Dentistry should be free for mouth cancer patients

Dentistry should be free for mouth cancer patients

The Oral Health Foundation is calling for free dental care for mouth cancer patients to combat the costs of ongoing healthcare that survivors are often burdened with, calling them a discriminatory ‘tax on cancer’. The charity estimates that mouth cancer sufferers could face dental costs of up to £1,500 over five years – around five times higher than that of the national average.

Following treatment for mouth cancer, patients are faced with a series of long-term oral health issues, that often result in complex and expensive dental work. Dr Chet Trivedy, trustee of the Oral Health Foundation and consultant at Kingston Hospital says: “In addition to the overwhelming emotional and psychological impact that mouth cancer can have, survivors can also be challenged with several oral health issues. Chronic toothache, tooth loss and dry mouth are just some of the common problems that require long-term dental care.

“Frequent dental treatment is often a necessity for mouth cancer victims.  With NHS dental charges ranging from £21.60 to £256.60 in England, the recurring costs over the course of a year can be staggering. The financial impact of mouth cancer is often overlooked. As it stands, there is a tax on mouth cancer. This is highly discriminatory and extremely unfair. We are urging health ministers to address this inequality. Free dental care will go a long way to support mouth cancer patients in their aftercare.”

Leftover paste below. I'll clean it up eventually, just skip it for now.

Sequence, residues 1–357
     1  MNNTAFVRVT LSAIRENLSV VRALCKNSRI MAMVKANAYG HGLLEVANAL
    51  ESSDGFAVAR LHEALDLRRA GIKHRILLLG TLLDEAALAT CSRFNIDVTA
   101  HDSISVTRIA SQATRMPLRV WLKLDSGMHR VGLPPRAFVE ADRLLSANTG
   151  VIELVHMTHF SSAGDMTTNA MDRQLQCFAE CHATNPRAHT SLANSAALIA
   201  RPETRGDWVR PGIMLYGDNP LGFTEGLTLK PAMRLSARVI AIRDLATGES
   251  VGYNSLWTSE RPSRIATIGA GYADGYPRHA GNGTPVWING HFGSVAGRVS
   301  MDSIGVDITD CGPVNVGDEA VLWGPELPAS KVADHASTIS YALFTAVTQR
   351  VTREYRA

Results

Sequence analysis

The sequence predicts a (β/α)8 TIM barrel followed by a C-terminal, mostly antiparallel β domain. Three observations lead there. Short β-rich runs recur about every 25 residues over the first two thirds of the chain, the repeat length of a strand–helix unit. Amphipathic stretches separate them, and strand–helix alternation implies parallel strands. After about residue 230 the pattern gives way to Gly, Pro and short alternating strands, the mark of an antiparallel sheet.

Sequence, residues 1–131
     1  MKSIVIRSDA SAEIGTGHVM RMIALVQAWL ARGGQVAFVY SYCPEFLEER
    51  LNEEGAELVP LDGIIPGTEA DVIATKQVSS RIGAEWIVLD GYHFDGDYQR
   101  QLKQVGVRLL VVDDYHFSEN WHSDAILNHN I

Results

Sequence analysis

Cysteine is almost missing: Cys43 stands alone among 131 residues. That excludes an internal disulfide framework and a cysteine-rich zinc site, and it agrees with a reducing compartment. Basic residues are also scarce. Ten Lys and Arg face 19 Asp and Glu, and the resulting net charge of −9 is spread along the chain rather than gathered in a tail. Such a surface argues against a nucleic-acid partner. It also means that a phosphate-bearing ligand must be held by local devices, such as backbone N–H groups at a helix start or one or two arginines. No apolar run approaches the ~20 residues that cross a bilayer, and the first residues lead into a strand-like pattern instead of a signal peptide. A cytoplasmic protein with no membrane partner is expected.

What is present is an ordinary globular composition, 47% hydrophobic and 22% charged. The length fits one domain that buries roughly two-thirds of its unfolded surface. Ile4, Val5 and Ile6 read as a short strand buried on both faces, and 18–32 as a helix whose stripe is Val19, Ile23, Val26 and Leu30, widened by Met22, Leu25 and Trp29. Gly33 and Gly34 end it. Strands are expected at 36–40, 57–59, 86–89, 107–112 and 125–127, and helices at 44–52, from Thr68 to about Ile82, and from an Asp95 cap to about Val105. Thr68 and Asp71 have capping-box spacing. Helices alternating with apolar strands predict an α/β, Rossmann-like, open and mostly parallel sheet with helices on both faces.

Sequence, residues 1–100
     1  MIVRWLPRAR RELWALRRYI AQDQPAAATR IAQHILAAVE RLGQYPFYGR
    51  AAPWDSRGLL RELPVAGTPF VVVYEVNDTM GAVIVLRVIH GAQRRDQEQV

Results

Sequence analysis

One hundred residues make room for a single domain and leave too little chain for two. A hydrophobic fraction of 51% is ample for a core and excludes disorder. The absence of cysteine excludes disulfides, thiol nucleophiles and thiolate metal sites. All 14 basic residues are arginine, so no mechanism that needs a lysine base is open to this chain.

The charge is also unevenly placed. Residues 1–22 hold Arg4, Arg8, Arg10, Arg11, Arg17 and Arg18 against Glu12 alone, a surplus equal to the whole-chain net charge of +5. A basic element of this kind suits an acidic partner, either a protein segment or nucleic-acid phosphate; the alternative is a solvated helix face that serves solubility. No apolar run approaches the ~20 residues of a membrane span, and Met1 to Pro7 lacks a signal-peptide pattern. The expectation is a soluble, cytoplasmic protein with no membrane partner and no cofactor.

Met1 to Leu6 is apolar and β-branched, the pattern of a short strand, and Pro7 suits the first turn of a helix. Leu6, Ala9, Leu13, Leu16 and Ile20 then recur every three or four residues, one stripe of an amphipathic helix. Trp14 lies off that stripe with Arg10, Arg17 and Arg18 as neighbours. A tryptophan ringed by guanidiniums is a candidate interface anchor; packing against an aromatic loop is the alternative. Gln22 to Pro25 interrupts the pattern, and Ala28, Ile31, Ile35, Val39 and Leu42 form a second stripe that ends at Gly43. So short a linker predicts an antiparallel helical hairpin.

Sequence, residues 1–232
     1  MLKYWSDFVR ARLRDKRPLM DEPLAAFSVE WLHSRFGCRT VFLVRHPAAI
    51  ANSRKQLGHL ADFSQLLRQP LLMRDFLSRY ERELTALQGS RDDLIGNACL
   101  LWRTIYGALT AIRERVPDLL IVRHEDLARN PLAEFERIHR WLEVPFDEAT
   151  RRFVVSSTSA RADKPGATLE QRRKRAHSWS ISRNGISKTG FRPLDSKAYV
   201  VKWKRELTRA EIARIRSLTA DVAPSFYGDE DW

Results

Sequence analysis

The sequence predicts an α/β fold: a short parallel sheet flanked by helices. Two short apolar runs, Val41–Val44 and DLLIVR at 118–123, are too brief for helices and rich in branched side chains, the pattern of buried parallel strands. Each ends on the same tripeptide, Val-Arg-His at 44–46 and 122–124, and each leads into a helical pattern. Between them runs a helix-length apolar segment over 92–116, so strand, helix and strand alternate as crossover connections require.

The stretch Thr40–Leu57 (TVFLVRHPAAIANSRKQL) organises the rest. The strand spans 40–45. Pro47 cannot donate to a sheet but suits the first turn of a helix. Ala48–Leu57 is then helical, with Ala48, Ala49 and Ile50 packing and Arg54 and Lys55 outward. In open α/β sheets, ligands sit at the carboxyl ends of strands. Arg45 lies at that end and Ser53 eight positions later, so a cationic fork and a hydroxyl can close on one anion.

New research, conducted as part of November’s Mouth Cancer Action Month finds that four in five (81%) Brits believe that mouth cancer sufferers should be financially supported for their ongoing dental treatment.1 More than half (57%) believe those diagnosed with mouth cancer should not have to pay anything to address their complicated oral health needs. The findings were published in the State of Mouth Cancer UK Report 2018. The report raised the on-going costs associated with mouth cancer as one of the major challenges sufferers are facing.

In addition to more oral health problems, mouth cancer sufferers face the chance that their cancer can return. Paul Roebuck (56) from Stratford-upon-Avon, completed his treatment for mouth cancer exactly one year ago. Paul now requires a dental check-up every two-months and is left footing the bill. Paul says: “I visit the dentist in between my two-monthly hospital appointments because I never know if, or when my, cancer may come back. It cannot be identified by a blood test and it is unreasonable and impractical to have CT or MRI scans so often. Visiting the dentist is my insurance policy. Hoping that if something does appear, they can catch it early.”  

Chief Executive of the Oral Health Foundation, Dr Nigel Carter OBE, adds: “There are significant ethical and moral issues around paying for the privilege to be examined for cancer. Cost remains a significant barrier for why people continue to avoid regular dental visits. These are crucial for frequent mouth cancer examination and for diagnosing cancer as early as possible.”      

You can read the full State of Mouth Cancer UK Report 2018/19 by clicking here: www.dentalhealth.org/stateofmouthcancer.

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